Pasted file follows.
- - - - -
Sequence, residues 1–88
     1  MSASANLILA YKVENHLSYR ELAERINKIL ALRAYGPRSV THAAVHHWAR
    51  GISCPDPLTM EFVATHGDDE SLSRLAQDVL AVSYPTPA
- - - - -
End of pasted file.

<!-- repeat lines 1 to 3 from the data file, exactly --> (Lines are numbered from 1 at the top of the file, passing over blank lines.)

Sequence, residues 1–88
     1  MSASANLILA YKVENHLSYR ELAERINKIL ALRAYGPRSV THAAVHHWAR
    51  GISCPDPLTM EFVATHGDDE SLSRLAQDVL AVSYPTPA